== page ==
California. Dept. of Fish and Game.

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prevalent in the Sacramento \'allev, and here hunter
success fell below the previous year.

MANAGEMENT AREAS

There are 19 waterfowl management areas totaling
202,017 acres, located throughout the State. Of these,
10 areas totaling 52,027 acres are state-owned or
leased and nine areas, totaling 149,130 acres, are na-
tional wildlife refuges. Of the nine federal areas, four
are managed for public hunting b\' the department
under commission regulations.

All of these areas provide feed, resting and nesting
for upland game as well as for waterfowl. During the
period of this report waterfowl depredations have
been at an all-time low, evidence that these areas pla\'
a major part in the control of crop damage.

During the biennium the Wildlife Conservation
Board purchased additional land (4,194 acres) for the
e.xpansion of Gray Lodge and also acquired the Men-
dota Waterfowl Management area of 8,536 acres.
.Another 5,523 acres in the Wister area was added to
state property in Imperial \'alle}'.



Waterfowl public shooting was conducted on all
state areas and on those federal areas purchased with
Lea Act funds. A fee of |2 per da\' was charged to
all hunters using the area in order to defray the ex-
pense of operating public shooting.

Pheasant hunting was also conducted on waterfowl
areas. During the 1955 season these areas issued per-
mits to 9,302 hunters who bagged 5,351 birds, for an
average of 0.57 birds per hunter.

INVESTIGATIONS

The v.aterfowl section gathers information used by
the Fish and Game Commission, the Pacific Flyway
Council and the U. S. Fish and Wildlife Service in
formulating policies and establishing regulations.
There are five main activities of the section which are
financed partially b\' Federal Pittman-Robertson
funds. The\- are listed below.

Winter hivevtory. Inventories of waterfowl are
made annually to determine the numbers of water-
fowl w intering in California, the most important win-
tering area on the Pacific Fhway. Populations are de-
termined through aerial photographs of concentra-
tions and aerial estimates that are made of scattered
flocks. Five airplanes and a U. S. Coast Guard heli-
copter are used to conduct the inventory. Results are
indicative of the numbers of birds that will return to



Harry Sfouffer (left) of Montrose and James Jones of La Canada smile

over limits taken on the department's co-op pheasant bunting area near

Lancaster, Los Angeles County.

(Fish and Game Photo)




the breeding grounds. In January, 1956, over 5,000,000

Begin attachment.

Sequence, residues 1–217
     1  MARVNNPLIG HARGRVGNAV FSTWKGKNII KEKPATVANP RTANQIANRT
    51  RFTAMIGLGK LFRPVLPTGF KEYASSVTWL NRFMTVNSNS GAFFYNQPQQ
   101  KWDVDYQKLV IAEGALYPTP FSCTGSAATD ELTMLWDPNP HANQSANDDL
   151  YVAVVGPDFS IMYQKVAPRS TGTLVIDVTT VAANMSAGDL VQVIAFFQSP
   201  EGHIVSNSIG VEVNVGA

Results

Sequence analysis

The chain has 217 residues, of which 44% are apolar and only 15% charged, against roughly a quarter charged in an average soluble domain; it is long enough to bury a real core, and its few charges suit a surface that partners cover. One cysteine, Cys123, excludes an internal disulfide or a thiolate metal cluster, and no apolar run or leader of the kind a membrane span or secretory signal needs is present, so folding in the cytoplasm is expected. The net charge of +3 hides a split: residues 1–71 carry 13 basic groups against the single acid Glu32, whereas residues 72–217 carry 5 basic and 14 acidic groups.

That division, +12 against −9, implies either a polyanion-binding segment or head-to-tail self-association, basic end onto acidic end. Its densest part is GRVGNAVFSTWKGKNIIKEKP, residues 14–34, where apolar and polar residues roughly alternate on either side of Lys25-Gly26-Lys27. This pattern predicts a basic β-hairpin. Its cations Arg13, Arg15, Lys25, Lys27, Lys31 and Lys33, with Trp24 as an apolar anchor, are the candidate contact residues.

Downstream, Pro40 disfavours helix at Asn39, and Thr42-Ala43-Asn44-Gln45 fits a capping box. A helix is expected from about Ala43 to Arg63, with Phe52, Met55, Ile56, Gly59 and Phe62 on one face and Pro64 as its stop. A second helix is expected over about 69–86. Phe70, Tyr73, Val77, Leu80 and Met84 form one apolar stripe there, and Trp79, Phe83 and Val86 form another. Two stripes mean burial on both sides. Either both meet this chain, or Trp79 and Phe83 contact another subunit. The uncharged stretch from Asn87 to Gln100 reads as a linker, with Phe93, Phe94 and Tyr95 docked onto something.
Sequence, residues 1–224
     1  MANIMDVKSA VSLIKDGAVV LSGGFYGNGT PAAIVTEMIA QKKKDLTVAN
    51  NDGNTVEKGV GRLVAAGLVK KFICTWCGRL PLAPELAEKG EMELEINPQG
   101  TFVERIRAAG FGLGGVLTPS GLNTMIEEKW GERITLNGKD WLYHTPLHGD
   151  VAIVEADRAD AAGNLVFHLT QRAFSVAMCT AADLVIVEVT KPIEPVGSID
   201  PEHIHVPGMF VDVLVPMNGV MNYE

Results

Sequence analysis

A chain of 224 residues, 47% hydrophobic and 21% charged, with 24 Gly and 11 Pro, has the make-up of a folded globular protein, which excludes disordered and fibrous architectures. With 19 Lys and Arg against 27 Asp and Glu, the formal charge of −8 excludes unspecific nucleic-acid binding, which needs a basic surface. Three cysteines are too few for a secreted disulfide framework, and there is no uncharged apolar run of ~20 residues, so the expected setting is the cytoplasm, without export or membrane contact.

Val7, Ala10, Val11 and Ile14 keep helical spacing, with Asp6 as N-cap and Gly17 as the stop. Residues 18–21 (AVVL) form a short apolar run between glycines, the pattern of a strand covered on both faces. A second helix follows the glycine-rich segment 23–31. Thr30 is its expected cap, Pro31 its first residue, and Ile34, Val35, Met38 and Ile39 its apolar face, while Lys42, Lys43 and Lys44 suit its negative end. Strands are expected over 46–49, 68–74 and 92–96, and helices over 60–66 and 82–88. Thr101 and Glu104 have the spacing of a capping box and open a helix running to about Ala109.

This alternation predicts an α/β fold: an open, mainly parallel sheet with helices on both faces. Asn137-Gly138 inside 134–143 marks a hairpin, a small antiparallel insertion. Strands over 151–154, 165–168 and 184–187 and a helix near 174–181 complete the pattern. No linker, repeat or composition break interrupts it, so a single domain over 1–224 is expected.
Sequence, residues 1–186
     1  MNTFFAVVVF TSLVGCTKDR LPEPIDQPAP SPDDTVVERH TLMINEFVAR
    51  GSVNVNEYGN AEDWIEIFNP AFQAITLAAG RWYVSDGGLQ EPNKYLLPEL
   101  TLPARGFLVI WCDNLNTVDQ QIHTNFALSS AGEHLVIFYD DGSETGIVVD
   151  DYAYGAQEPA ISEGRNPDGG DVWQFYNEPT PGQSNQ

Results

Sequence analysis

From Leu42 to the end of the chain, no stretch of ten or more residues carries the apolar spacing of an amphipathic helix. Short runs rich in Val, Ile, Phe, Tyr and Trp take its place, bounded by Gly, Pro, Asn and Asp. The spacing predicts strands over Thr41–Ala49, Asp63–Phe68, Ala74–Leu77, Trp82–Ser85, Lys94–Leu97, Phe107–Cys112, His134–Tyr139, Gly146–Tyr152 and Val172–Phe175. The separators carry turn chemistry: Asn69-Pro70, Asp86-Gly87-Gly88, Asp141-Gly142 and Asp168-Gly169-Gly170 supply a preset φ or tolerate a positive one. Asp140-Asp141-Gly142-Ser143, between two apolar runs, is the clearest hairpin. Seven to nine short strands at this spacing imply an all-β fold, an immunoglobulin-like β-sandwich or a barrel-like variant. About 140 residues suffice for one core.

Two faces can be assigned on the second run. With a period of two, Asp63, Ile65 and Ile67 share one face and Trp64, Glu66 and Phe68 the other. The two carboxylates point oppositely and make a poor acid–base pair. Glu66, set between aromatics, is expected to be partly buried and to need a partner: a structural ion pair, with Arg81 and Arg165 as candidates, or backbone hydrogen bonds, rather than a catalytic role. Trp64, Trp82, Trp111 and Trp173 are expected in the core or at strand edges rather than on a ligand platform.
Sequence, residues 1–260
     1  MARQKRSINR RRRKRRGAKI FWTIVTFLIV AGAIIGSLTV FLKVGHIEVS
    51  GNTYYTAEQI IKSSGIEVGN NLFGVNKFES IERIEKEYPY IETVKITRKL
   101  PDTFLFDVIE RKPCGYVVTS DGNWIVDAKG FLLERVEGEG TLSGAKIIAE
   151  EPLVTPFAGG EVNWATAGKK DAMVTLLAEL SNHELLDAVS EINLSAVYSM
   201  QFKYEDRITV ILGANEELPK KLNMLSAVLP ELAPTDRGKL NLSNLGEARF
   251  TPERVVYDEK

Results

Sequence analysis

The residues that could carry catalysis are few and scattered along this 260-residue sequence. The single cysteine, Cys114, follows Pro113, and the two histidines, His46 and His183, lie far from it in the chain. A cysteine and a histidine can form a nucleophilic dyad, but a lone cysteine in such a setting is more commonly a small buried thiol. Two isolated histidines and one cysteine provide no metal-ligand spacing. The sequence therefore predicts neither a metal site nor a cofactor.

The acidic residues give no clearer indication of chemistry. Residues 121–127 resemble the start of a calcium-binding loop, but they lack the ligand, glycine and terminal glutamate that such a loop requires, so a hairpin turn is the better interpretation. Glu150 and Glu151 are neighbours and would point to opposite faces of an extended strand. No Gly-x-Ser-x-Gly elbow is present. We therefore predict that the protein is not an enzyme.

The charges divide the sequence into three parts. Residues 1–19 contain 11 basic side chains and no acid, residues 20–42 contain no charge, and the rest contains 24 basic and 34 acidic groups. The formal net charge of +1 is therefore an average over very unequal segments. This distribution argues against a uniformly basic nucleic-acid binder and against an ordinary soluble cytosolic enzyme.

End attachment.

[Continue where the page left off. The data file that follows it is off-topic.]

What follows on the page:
ducks were tallied, the highest number recorded in
recent years.

Brcedhig Gromids Survey. The major waterfowl
breeding grounds within the State are surveyed each
spring to determine the local production of ducks and
geese. Mallards and Canada geese are the important
species breeding in California. The U. S. Fish and
Wildlife Service uses this information, along with
that obtained from surveys made in other states, Can-
ada and Alaska, to determine the hunting regulations
each year.

In 1954 the survey revealed a total of 339,750 young
and old ducks and 21,070 geese. These figures slipped
to 289,120 ducks and 14,810 geese in 1955.

September hiventory . Each year during mid-Sep-
tember an aerial inventory is made of the central val-
ley. The number of birds and areas where they are
concentrated is determined during the time of crop
depredations. In 1954 the inventory showed 541,000
ducks and in 1955 it showed 724,000.

Waterfowl Kill. Information is gathered annually
concerning the hunting season kill by mail question-
naire, by hunter checks on public shooting areas and
by kill records from representative duck clubs. Total
waterfowl kill, areas where the kill is made, and the
species predominating in the kill is then determined.
In 1954 hunters shot 3,461,600 ducks and in 1955 thev
bagged 3,312,700.

Banding Operatiojis. The waterfowl banding pro-
gram is conducted on a state-wide basis from Tule-
lake to Imperial Valley. Information obtained from
this study is used to determine mortality rates, popu-
lation turnover, and the migration patterns of the
various species. During the past two years 67,496
ducks, 12,038 geese and 6,940 coots were banded. As
an aid to the migration studies some of the geese were
color-marked.

UPLAND GAME

Introduction of a game bird new to California
hunters, the chukar partridge, liberalization of pheasant
hunting regulations, a change in game bird club regu-
lations, and near-record bags of nearly all upland
game species resulted in two banner years for hunters.

PHEASANTS

During 1955, pheasant hunting regulations were
liberalized, extending the season from 10 to 16 days,
and allowing one hen in the seasonal bag limit.

This liberalization in pheasant hunting regulations
resulted in increasing the total bag of pheasants by